Geophysical Insights hosting the 2018 OIl & Gas Machine Learning Symposium in Houston on September 27, 2018
Dr. Tom Smith presenting on Machine Learning at the 3D Seismic Symposium on March 6th in Denver
What is the "holy grail" of Machine Learning in seismic interpretation? by Dr. Tom Smith, GSH Luncheon 2018
Using Attributes to Interpret the Environment of Deposition - A Video Course. Taught by Kurt Marfurt, Rocky Roden, and ChingWen Chen
Dr. Kurt Marfurt and Dr. Tom Smith featured in the July edition of AOGR on Machine Learning and Multi-Attribute Analysis

Use SOM to define geology via natural patterns/clusters

A Presentation by Rocky Roden

An excerpt:

Initially, the complexity of the Seismic data model was a concern. There are many ways of representing the same information. This discrepancy can result in disconnects between different implementations of the same PPDM module.
However, we have been able to choose a way of representing Survey, Geometry, Trace, and storage information for Post Stack trace data (3D Seismic Attribute volumes and 2D data types) in PPDM that satis es our needs.
The goal was to be able to collect Seismic Attribute volumes (3D) and data types (2D) from Seismic Surveys from several different Oil & Gas Seismic projects via OpenSpirit. more >

Presentation Slide Text...

Machine Learning and Interpretation

Intro Slide:

Slide 2

Seismic Attributes

What is a Seismic Attribute?

•A measurable property of seismic data, such as amplitude, dip, frequency, phase, and polarity. Attributes can be measured at one instance of time/depthor over a time/depth window, and may be measured on a single trace, on a set of tracesor on a surfaceinterpreted from seismic data. Schlumberger Oilfield Dictionary

•Seismic attributes reveal features, relationships, and patterns in the seismic data that otherwise might not be noticed. Chopra and Marfurt, 2007

Slide 3

Objective of using Seismic Attributes

•To take advantage of seismic attribute analysis and today’s visualizationtechnology and to minepertinent geologic informationfrom an enormous amount of seismic data.

•The ultimate goal is to enable the geoscientist to produce a more accurate interpretation and reduceexploration and development risk.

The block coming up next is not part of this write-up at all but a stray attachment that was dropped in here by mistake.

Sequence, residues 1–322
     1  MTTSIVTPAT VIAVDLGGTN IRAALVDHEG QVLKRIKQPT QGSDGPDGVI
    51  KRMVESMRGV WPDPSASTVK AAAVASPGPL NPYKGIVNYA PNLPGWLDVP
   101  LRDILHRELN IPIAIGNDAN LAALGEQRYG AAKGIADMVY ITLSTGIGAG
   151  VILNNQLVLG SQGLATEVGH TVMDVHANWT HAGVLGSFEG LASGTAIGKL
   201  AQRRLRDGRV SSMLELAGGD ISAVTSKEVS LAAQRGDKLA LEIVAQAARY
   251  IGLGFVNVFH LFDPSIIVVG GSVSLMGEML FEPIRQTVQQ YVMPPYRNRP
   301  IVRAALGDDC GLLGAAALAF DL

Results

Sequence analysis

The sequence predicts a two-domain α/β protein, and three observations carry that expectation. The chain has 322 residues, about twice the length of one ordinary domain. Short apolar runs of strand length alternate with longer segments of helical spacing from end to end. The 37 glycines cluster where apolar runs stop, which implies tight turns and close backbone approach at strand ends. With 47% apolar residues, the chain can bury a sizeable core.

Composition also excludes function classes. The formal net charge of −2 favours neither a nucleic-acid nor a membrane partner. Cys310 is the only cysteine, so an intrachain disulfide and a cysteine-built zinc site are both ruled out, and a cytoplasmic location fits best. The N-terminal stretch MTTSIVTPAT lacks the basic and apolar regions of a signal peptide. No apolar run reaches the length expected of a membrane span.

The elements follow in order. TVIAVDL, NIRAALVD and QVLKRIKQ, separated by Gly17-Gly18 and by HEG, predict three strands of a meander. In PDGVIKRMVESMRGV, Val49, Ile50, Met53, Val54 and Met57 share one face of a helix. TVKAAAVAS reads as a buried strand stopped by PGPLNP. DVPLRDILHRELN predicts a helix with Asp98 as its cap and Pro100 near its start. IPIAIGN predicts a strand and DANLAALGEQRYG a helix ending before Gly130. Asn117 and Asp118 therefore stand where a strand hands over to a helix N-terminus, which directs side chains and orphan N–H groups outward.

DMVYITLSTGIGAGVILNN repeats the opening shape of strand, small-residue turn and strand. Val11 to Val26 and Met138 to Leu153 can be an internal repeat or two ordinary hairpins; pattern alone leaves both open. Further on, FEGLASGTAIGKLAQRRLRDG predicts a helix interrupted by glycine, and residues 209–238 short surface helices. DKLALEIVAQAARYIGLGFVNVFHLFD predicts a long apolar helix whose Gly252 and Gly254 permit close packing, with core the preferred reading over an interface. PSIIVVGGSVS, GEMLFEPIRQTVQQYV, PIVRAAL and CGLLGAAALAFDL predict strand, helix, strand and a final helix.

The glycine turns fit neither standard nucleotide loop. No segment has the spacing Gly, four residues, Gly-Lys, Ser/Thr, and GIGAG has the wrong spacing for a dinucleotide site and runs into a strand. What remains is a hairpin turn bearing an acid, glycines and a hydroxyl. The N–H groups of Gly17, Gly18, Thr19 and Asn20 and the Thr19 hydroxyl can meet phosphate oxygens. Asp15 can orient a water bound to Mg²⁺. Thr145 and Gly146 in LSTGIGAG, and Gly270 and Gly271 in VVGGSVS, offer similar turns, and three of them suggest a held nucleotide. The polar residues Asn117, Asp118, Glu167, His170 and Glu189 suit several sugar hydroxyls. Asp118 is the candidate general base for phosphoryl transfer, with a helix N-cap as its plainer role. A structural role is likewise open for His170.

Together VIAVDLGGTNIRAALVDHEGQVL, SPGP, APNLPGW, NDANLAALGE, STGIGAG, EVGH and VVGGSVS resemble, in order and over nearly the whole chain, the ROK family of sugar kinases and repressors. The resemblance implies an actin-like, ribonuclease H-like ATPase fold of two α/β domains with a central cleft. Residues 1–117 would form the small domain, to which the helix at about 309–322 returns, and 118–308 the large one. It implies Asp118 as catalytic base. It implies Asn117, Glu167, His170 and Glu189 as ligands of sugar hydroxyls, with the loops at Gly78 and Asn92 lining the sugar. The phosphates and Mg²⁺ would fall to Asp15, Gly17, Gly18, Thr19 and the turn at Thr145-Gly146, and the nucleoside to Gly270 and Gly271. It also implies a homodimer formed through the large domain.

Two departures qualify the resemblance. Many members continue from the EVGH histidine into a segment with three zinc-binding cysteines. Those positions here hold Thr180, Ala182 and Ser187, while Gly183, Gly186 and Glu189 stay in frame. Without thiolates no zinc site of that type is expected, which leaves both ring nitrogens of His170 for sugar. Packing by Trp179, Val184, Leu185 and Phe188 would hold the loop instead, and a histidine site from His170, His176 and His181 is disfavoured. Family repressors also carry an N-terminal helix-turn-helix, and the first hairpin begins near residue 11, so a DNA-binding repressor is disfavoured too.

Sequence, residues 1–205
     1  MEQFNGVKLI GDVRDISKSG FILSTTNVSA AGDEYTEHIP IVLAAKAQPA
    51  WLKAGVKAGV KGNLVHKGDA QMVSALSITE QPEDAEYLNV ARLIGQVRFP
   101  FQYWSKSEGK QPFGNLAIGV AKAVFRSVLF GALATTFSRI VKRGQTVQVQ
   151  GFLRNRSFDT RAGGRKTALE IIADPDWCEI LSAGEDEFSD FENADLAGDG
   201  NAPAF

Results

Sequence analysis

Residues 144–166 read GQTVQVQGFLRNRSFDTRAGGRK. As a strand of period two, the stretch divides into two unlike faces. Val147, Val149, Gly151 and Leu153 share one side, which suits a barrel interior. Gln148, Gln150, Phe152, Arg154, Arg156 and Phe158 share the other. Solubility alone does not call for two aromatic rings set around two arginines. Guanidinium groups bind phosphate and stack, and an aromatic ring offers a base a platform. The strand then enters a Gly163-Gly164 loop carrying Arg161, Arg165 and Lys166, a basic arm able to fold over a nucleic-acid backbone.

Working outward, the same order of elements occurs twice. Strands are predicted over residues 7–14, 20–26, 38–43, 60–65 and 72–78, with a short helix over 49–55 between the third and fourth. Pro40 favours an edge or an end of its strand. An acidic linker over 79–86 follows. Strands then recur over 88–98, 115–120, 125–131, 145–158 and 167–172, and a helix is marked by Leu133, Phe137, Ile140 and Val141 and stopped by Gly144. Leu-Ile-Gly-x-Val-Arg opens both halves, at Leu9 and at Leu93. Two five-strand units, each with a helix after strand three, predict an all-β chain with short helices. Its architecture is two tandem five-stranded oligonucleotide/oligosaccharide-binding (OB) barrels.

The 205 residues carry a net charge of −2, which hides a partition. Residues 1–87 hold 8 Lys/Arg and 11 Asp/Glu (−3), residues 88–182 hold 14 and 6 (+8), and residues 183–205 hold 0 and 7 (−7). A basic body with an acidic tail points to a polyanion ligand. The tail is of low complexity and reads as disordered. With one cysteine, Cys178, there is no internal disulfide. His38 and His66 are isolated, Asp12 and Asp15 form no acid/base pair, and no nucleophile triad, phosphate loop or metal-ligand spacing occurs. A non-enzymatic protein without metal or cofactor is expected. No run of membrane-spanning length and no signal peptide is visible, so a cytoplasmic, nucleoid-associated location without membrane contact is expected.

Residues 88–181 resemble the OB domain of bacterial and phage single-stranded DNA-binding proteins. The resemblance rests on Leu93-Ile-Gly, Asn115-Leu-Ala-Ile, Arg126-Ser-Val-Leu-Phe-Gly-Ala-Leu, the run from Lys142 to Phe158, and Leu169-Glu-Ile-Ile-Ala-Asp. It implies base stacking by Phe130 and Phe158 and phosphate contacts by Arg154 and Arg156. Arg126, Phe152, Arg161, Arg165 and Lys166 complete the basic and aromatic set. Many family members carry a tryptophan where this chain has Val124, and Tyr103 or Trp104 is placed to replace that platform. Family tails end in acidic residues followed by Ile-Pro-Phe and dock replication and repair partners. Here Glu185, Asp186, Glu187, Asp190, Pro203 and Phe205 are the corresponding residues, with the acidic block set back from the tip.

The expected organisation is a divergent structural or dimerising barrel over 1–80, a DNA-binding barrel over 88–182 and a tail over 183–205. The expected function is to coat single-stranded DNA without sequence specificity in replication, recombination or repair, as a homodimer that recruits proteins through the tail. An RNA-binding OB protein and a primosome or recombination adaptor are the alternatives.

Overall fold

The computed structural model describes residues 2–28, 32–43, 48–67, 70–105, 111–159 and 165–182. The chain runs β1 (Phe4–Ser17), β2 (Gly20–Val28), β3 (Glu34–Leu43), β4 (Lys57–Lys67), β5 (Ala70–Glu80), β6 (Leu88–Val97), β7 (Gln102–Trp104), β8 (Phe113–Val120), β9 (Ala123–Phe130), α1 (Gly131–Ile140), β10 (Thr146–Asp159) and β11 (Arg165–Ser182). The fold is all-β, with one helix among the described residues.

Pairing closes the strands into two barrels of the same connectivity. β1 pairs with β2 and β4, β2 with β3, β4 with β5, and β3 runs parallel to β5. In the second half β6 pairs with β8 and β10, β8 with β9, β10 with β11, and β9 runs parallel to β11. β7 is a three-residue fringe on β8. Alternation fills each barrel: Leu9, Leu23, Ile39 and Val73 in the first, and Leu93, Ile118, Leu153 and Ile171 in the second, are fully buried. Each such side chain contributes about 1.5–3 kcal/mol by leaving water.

Slide 4

Most Common Seismic Attributes for Interpretation

  • Instantaneous Attributes
  • Amplitude Defining Attributes
  • Coherency/Similarity
  • Curvature
  • AVO Attributes
  • Inversion
  • Spectral Decomposition

Slide 5

Instantaneous Attributes

Instantaneous Attributes

Reflection Strength (trace envelope, instantaneous amplitude)

  • Lithological contrasts
  • Bedding continuity
  • Bed spacing
  • Gross porosity
  • DHIs

Instantaneous Phase

  • Bedding continuity
  • Visualization of unconformities and faults

Instantaneous Frequency

  • Bed thickness
  • Lithological contrasts
  • Fluid content (frequency attenuation)

Slide 6

Amplitude Accentuating Attributes

These attributes help define how the amplitude stands out against surrounding reflectors and background events.

  • DHI characteristics
  • Stratigraphic variations
  • Porosity
  • Lithology variations

Slide 7


Coherency, similarity, continuity, semblance and covariance are similar and relate to a measure of similarity between a number of adjacent seismic traces (multi-trace analysis). They convert data into a volume of discontinuity that reveals faults, fractures, and stratigraphic variations.

  • Crosscorelation-Based Coherence
  • Semblance-Based Coherence
  • Variance-Based Coherence
  • Eigenstructue-Based Coherence
  • Gradient Structure Tensor-Based Coherence
  • Least-Squares-Based Coherence

Slide 8

AVO Attributes

AVO attribute volumes are computed from prestackdata (gathers) . They include combinations of near, mid, and far offset or angle stacks and depending on approximations of the Knott-Zoeppritzequations, various AVO components. Most of the AVO attributes are derived from intercept and gradient values or equivalents. Employed to interpret pore fluid and/or lithology.

  • Intercept (A)
  • Gradient (B)
  • Curvature (C)
  • A*B
  • A-C
  • ½ (A+B)
  • ½ (A-B)
  • Far-Near
  • (Far-Near)Far
  • Poisson Reflectivity
  • Fluid Factor
  • Lambda-Mu-Rho

Slide 9

Seismic Inversion

  • Inversion transforms seismic reflection data into rock and fluid properties.
  • The objective of seismic inversion is to convert reflectivity data (interface properties) to layer properties.
  • To determine elastic parameters, the reflectivity from AVO effects must be inverted.
  • The most basic inversion calculates acoustic impedance (density X velocity) of layers from which predictions about lithologyand porosity can be made.
  • The more advanced inversion methods attempt to discriminate specifically between lithology, porosity, and fluid effects.


  • Recursive Trace Integration
  • Colored Inversion
  • Sparse Spike
  • Model-Based Inversion
  • PrestackInversion (AVO Inversion)
    • Elastic Impedance
    • Extended Elastic Impedance
    • Simultaneous Inversion
  • Stochastic Inversion
    • Geostatistical
    • Bayesian

Slide 10

Spectral Decomposition

Use of small or short windows for transforming and displaying frequency spectra (Sheriff, 2005 Encyclopedic Dictionary of Applied Geophysics). In other words, the conversion of seismic data into discrete frequencies or frequency bands.